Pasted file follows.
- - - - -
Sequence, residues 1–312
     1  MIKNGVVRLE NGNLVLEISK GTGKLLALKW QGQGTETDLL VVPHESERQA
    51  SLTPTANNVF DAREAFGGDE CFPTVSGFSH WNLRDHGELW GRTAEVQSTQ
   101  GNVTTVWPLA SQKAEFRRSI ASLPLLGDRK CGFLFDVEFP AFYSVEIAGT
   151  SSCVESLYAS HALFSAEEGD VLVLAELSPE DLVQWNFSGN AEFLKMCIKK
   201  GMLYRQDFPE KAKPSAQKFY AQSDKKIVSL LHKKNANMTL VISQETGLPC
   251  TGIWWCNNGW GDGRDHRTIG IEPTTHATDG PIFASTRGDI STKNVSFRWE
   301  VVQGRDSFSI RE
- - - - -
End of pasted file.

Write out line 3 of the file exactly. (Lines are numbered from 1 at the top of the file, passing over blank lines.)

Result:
    51  SLTPTANNVF DAREAFGGDE CFPTVSGFSH WNLRDHGELW GRTAEVQSTQ